In talking about this book, winner of the 2012 Newbery Award, one of the blogs that I read said something like “the downside of winning the Newbery is that forever after that when people read the book, they’ll be mentally weighing its value to figure out if it ‘should’ have won.” I couldn’t help but think about that as I was reading the book myself. I liked it. It was good. But I don’t think I would have picked it over A Monster Calls or some of the other choices available this year.

Jack’s characterization is great, and so are those of his very different parents and Ms. Volker. But Mr. Spitz didn’t make any sense at all right from the beginning (well, the old busybody part did. But his weird relationship with Ms. Volker, and the fact that such an old man was able to ride around on the tricycle were both odd.)

As a history buff I rather enjoyed all the random historical stories that were thrown into the book, but I don’t think from a literary perspective that they really worked very well. It felt too much like the author was excited about history and wanted to get kids excited too, so he just included them in the hopes that he’s spark some interest. Their connection to the larger book didn’t make much sense. Right at the end Jack talks about how learning about history is important because if you don’t learn from history you’re bound to repeat it, making the same mistakes over and over. And that’s true for Jack, but that doesn’t apply to the historical vignettes we’ve been learning about. None of the historical stories relate to anything going on in the book, so that Jack doesn’t learn anything valuable from the stories, other than that he likes history. Since the author could pick and choose what dates to kill off the old ladies, I think it is a missed opportunity to have connected the stories to things going on, even if only on a thematic level.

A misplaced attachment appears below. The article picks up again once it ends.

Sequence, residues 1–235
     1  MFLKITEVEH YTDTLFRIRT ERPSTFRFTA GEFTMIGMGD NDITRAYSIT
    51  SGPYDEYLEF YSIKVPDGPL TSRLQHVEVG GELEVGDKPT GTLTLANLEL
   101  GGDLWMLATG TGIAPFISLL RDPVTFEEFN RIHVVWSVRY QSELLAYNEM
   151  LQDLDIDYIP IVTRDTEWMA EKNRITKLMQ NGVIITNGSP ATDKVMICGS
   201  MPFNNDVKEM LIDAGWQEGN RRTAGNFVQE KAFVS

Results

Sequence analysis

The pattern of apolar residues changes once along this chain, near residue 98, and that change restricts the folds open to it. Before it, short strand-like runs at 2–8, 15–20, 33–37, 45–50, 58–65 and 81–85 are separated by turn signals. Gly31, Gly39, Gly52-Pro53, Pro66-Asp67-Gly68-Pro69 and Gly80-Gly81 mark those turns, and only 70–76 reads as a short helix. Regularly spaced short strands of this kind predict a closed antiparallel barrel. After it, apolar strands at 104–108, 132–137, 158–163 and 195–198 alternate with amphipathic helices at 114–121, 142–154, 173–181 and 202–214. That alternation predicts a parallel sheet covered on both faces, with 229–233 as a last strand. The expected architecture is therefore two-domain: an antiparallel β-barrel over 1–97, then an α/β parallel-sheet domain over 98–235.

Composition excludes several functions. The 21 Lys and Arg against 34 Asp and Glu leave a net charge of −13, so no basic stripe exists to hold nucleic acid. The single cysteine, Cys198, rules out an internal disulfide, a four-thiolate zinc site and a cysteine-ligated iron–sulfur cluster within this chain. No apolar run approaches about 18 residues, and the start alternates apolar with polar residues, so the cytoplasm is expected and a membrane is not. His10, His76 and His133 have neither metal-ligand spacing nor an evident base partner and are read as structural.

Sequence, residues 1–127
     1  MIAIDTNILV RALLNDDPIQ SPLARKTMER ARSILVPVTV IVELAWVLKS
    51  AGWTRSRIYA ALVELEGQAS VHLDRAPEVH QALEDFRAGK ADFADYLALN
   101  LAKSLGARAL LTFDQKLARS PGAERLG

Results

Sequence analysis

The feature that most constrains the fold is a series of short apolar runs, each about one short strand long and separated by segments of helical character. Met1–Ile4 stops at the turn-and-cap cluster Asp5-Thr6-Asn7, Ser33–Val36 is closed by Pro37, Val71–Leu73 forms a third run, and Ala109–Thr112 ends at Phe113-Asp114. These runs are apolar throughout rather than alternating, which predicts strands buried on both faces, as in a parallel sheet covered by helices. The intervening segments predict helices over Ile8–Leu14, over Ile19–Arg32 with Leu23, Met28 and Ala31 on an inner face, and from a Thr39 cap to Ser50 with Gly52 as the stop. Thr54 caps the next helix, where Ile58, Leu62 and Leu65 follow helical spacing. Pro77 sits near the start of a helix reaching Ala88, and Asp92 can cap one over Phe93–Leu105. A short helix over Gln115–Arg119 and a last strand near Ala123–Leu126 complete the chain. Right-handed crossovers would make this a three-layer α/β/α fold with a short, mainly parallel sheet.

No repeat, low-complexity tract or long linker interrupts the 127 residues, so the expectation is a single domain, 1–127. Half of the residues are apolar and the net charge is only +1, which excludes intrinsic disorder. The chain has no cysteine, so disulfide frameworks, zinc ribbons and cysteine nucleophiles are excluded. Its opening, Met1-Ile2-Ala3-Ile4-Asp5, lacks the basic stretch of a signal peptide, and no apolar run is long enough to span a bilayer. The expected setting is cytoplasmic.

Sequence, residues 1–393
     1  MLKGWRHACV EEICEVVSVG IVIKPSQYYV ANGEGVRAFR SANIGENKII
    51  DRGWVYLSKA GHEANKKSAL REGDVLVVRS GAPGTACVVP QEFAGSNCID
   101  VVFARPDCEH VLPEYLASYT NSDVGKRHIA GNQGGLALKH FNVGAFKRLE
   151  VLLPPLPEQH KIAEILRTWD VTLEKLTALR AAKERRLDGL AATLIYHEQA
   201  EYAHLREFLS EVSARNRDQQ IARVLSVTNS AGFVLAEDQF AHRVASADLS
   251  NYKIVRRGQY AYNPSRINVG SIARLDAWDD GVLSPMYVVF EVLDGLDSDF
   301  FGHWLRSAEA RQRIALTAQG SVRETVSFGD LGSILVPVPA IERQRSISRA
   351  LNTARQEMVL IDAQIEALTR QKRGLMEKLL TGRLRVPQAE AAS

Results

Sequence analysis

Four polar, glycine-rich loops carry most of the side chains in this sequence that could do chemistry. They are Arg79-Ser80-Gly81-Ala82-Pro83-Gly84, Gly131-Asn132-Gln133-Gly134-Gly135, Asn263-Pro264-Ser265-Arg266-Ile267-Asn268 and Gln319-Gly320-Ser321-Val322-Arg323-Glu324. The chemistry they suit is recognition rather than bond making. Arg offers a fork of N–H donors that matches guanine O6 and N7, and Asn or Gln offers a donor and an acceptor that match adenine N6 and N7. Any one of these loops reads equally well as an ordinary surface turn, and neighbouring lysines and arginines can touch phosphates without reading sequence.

I did enjoy the book. It was humorous (though not actually funny. It’s a subtle difference, but it’s still a difference. I was amused for much of the story but never tempted to actually laugh.)

Newbery Project – My Brother Sam is Dead

I did not think I would enjoy this book, which won the Newbery Honor in 1975. The cover blurbs generally focus on something like “Tim’s brother is a Patriot and his father is a Loyalist! Poor Tim doesn’t know which side to be on!” which made it sound like it would be a wishy-washy narrator who has a coming-of-age moment when he realizes that he doesn’t have to follow in his father’s footsteps and inevitably joins on the side of the rebels. I should have realized that such a predictable plot-line and character arc are not what wins a Newbery Honor. Instead of what I thought I was going to read, I encountered what has to be the best anti-war book aimed at middle school students that I have ever read.

Far from being about whether Tim chooses to be a Tory or a Rebel, Tim’s coming-of-age moments generally happen when he is forced to the conclusion that war is hell and that everyone involved in the war, on both sides, is irrevocably changed by the experience, and not for the good. Both sides do heinous things, and both sides make excellent points about why they should win. I’m so used to reading books set during the Revolution that just assume that obviously the Patriots were the good guys and fighting the cause of the just, that it was twice as shocking to see the gritty reality portrayed here. Tim’s epilogue written as an adult even says that while he thinks, in the end, that becoming their own country was a good thing, he wishes it could have been done without having to go to war.